As the article in this issue discusses, smoking and diabetes is a dangerous combination. Smoking is bad enough on its own. I am writing to you as a former smoker of eight years. I started smoking in France in the 1970’s in a Parisian café. I thought smoking Gauloises at the age of 15 made me sophisticated and in vogue. I imagined I looked stylish and mature like the adults I knew who smoked. Their smoking seemed to justify my habit. It never occurred to me that I was risking my health or that I was starting something that would take me years to quit.
Most smokers with or without diabetes will tell you, they don’t care about the effects of smoking. Smoking, like food, has its place in our daily rituals. We smoke in the morning with our coffee, we take a 15-minute work break and enjoy bonding with other smokers, we sip cocktails with an après-dinner cigarette. Quitting smoking is no easy task. The reality is that it takes many more times than you think it will to successfully quit. Studies show that it takes an average of nine attempts to quit before you succeed. When you have diabetes and smoke, statistically you increase the probability of having a serious complication. I don’t need to tell you that, of course. What I do want to impart to you, is that if you have diabetes and loved ones in your life, quit smoking for your loved ones.
The people you hold dear in your life are almost always far more worried about losing you to a smoking-related condition than you are. The important thing is to try to quit. Play a game with yourself, if you are new to quitting: see how long you can quit for the first time. If you are one of those people whom it only takes once, I have to tip my hat to you. If you are more like the average person who tries to quit, you have just begun your first battle. As long as you keep trying to quit, you will eventually succeed. Think of the positive side effects—living longer.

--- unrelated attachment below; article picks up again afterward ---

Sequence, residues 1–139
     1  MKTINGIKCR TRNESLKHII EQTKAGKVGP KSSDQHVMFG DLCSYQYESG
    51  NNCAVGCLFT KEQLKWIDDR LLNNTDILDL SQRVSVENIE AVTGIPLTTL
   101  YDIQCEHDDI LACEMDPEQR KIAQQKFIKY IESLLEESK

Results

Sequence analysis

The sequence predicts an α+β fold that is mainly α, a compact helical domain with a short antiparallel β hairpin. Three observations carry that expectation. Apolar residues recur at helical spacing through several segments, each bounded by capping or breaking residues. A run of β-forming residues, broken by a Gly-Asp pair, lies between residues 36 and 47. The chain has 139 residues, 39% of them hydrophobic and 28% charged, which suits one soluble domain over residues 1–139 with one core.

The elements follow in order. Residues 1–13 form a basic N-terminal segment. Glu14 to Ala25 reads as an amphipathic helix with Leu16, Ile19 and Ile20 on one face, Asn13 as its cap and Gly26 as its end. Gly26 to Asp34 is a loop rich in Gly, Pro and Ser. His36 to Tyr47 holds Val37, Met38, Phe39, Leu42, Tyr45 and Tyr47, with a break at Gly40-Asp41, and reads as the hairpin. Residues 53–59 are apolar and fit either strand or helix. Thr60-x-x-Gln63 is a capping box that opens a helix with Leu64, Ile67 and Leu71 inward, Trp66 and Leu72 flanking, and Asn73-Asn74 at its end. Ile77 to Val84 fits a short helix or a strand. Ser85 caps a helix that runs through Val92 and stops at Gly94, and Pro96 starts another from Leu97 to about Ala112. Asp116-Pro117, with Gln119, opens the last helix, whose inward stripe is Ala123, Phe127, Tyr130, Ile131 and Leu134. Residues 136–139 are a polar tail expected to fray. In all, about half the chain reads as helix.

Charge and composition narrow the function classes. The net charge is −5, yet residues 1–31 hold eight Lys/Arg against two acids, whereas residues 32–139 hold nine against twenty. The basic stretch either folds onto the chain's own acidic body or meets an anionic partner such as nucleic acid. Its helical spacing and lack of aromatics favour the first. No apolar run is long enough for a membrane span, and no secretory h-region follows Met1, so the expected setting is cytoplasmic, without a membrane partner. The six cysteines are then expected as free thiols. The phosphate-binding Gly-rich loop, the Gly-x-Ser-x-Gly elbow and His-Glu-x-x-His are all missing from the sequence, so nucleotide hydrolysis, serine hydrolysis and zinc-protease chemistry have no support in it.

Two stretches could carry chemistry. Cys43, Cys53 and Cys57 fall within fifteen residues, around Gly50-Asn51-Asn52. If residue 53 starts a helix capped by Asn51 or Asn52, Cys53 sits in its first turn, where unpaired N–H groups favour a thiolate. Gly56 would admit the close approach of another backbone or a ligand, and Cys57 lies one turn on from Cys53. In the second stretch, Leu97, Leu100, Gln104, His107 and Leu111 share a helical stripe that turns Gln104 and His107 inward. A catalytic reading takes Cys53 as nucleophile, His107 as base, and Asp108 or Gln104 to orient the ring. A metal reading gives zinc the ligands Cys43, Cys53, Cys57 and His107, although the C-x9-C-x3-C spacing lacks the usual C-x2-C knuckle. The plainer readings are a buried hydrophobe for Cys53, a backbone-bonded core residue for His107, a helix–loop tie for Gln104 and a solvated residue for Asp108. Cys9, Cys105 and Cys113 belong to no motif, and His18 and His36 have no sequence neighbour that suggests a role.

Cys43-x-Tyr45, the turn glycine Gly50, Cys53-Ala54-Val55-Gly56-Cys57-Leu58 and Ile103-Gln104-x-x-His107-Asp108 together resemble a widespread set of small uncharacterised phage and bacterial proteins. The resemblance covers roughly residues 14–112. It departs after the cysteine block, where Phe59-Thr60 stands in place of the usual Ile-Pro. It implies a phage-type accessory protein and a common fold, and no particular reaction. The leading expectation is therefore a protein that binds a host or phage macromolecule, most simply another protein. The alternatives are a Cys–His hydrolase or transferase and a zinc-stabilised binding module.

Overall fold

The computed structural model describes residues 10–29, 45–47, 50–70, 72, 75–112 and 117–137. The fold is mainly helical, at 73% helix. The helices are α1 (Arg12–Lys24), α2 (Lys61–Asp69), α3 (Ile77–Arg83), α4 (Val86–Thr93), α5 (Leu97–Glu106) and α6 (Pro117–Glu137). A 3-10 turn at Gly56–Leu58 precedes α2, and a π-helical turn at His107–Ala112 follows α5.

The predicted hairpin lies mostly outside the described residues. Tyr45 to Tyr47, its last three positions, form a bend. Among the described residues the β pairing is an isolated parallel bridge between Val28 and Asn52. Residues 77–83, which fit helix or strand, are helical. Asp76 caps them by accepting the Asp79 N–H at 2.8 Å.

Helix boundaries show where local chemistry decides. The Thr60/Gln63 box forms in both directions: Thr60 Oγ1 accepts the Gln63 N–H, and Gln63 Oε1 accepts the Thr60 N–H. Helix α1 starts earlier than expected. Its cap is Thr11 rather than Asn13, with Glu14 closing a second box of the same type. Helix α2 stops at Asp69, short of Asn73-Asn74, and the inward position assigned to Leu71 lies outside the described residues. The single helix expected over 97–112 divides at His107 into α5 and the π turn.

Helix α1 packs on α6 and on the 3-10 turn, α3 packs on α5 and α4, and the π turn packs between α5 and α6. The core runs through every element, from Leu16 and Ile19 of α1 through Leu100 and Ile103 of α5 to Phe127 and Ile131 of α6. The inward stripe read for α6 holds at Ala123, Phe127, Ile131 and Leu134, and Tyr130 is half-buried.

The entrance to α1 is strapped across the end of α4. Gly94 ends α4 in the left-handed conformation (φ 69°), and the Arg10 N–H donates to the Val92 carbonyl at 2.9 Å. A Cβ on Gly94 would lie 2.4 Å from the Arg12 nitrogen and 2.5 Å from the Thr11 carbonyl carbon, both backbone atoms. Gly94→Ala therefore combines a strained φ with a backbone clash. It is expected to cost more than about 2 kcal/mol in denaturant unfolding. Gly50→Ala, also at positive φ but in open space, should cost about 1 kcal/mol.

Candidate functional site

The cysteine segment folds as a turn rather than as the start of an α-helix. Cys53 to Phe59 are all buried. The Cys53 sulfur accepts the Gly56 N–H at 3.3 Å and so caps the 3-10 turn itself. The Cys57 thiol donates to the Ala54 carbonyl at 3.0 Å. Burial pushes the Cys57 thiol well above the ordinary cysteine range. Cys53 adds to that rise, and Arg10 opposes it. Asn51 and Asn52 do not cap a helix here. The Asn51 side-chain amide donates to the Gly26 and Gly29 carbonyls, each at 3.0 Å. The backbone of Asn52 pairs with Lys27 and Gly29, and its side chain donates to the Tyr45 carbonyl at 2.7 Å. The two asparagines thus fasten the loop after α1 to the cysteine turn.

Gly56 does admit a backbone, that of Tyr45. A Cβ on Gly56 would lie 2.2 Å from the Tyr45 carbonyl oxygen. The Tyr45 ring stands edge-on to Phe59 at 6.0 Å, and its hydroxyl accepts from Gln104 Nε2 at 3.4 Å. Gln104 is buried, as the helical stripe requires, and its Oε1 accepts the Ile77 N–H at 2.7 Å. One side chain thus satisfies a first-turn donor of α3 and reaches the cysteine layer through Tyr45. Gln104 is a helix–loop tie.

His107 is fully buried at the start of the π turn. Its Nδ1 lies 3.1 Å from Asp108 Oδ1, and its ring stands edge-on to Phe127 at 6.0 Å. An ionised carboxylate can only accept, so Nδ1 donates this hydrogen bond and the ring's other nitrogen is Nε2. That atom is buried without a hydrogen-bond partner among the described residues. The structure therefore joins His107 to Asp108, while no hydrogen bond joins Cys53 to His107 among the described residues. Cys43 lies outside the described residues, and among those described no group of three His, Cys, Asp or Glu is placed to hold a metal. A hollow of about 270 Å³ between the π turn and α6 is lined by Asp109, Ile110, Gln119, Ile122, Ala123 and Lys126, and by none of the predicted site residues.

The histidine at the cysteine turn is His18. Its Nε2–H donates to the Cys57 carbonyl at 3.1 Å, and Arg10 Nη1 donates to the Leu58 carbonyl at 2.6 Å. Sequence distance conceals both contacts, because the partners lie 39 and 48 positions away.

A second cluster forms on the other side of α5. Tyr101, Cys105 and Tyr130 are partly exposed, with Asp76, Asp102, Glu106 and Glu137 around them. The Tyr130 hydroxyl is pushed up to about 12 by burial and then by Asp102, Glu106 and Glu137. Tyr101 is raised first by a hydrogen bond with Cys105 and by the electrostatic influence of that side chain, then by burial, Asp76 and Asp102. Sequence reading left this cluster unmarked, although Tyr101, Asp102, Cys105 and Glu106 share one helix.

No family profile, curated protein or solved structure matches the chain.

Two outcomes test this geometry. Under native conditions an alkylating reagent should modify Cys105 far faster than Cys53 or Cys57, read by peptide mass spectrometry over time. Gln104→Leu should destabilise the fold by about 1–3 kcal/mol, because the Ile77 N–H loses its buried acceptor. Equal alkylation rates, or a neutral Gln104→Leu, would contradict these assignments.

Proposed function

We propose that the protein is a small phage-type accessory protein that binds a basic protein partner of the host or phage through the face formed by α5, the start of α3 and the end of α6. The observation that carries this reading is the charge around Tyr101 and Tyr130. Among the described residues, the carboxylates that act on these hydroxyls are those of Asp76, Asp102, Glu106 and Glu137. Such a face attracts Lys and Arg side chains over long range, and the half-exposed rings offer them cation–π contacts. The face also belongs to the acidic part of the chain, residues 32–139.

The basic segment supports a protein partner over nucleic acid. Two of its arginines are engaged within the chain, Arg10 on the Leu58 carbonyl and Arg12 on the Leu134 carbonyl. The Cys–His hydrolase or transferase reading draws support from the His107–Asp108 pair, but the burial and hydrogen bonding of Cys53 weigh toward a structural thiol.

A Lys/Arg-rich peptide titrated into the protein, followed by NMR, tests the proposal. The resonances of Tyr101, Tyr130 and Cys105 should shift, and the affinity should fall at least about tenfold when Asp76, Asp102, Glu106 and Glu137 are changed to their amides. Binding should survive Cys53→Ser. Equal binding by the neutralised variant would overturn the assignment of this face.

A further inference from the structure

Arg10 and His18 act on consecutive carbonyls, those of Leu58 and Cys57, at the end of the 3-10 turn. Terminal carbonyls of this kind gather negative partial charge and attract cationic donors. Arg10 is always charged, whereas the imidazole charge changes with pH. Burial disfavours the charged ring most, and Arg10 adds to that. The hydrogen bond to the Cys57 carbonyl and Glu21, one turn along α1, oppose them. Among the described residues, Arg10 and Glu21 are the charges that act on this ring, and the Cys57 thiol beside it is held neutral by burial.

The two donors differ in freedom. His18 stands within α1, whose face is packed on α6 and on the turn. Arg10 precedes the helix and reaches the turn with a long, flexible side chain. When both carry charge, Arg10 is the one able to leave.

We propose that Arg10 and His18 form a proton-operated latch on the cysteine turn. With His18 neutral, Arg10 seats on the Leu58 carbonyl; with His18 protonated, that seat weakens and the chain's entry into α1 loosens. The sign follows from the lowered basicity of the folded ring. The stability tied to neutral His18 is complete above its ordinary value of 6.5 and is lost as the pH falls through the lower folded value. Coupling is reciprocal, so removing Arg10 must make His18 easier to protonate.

Continuous glucose monitoring is often in the news. Managing Editor, Kristin Lund, lays out the facts about CGM in everyday language in this issue and discusses the three currently available devices available to consumers.
Another hot topic in this issue is sex and diabetes. Diabetes can affect your sex life. Honesty and courage to discuss your needs is what our new columnist David Spero, RN and Aisha Kassahoun write about. If you have specific questions you would like them to answer, send your question to firstname.lastname@example.org.
Last, but not least, our story on MSNBC host Chris Matthews coping with his diagnosis of type 2 diabetes demonstrates that it isn’t easy for any of us—even those of us on TV. Having type 2 is not just a matter of losing weight, it’s about changing your mindset and taking control of your health. It’s about connecting with the people around you and finding out how you can help each other.
Connecting is easy with Diabetes Health new presence on Facebook and Twitter. Along with our dynamic website and RSS feed, we are excited to offer you lots of ways to connect with us and with the diabetes community at large.